Then there was “my side”.  People would play victim, or take absolutist positions on individual rights or equality, regardless of context.  It was important to me to make sufficient arguments.  On sexual orientation, of course I wondered why others, early in my life, made it their business.  But answering it with “immutability” is hardly satisfying.  It leaves one wondering why private behavior, even if “chosen”, is so troubling to others.

To be frank, it was coercion from others that did force me to consider the downstream implications not so much of just my actions, but of my values. (The Vietnam military draft, against a backdrop of privileged deferments from the risk of sacrifice, provides an obvious starting reference point.)  I was vocal about my “difference” because I could not compete socially in a normal manner.  In the early 1960’s, therapists made a lot of the way I seemed to want to step on the toes of others who appeared “uncompetitive” and remind them that they could “lose” like me, rather than fit into the social expectations of others and try to marry and provide the family children (a future) anyway.  I led a “different” life and found a way to make it work.  But it took some luck, some strategic aloofness, and a lot of fantasy.  It also took a modern, finally tolerant, and technological society that allowed more appearance of self-sufficiency.  But the needs of distant others can suddenly trump.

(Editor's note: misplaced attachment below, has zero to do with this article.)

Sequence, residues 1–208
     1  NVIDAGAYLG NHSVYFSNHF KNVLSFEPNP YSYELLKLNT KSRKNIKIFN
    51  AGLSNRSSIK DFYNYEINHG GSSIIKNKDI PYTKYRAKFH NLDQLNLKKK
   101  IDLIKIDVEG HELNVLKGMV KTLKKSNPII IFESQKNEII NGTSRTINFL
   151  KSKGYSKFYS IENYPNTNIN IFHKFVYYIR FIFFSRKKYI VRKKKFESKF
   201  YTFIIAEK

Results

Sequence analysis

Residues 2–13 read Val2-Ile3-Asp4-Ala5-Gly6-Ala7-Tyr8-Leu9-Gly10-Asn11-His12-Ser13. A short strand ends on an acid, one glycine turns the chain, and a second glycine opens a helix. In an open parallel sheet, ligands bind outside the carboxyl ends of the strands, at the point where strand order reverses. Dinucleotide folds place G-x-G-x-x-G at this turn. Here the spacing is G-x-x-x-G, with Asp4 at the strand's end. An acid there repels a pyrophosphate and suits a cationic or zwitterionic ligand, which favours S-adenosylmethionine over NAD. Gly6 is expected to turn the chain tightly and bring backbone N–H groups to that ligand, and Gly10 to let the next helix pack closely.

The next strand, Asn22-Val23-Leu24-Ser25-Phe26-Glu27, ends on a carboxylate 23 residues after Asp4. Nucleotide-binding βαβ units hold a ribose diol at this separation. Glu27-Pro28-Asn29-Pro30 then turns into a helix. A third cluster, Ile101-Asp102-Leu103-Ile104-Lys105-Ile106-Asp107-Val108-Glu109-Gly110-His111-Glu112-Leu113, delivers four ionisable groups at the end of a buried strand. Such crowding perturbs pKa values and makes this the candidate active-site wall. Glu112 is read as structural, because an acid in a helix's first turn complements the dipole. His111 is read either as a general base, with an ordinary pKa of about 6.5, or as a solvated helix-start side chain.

The claims of the “Doomsday Prepper” crowd deserve some recognition (Oct. 11 posting). Indeed, we have a society where a majority of people, myself very much included, are dependent on technology and could not survive if put back into a 19th century world like that of NBC’s “Revolution” or NatGeo’s “American Blackout” (or the novel “One Second After”).  The “family values” of this crowd does indeed show why social capital and cohesion can suddenly become necessary, and why life is not always a “libertarian” choice of what you want to do, followed by narrow idea of “personal responsibility” in the modern sense.  In sum, there are just too many undeserved inequalities and too little empathy, so there is bound to be instability.  I would have nothing to offer others in the world after a major apocalypse or “purification” (whether natural or created by asymmetric warfare), and that is not a good place to be in.  I would be seen as a distraction in a world where "reproduction rules" and people look at biological lineage as there only fallback opportunity for meaning.  Indeed, the unpreparedness of people for something like this makes it more likely to tempt enemies to bring it about. On the other hand, if the world really does remain stable, there is much more reason to trust the modern ideas of personal accountability and less reason to be concerned about social connectedness.